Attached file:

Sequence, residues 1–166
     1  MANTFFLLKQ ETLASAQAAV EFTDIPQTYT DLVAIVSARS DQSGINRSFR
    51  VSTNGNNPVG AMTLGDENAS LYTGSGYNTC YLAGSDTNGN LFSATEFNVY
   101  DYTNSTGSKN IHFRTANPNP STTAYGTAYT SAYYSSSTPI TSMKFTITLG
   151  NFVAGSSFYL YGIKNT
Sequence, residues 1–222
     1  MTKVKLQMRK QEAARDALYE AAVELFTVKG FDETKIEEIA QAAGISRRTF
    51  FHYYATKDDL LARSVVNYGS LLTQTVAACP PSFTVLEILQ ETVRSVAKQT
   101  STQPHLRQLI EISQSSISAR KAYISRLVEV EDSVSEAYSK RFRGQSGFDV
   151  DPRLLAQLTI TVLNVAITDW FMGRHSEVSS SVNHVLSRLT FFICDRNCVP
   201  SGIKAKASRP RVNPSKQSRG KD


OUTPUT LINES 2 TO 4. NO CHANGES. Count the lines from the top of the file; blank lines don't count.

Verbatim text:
     1  MANTFFLLKQ ETLASAQAAV EFTDIPQTYT DLVAIVSARS DQSGINRSFR
    51  VSTNGNNPVG AMTLGDENAS LYTGSGYNTC YLAGSDTNGN LFSATEFNVY
   101  DYTNSTGSKN IHFRTANPNP STTAYGTAYT SAYYSSSTPI TSMKFTITLG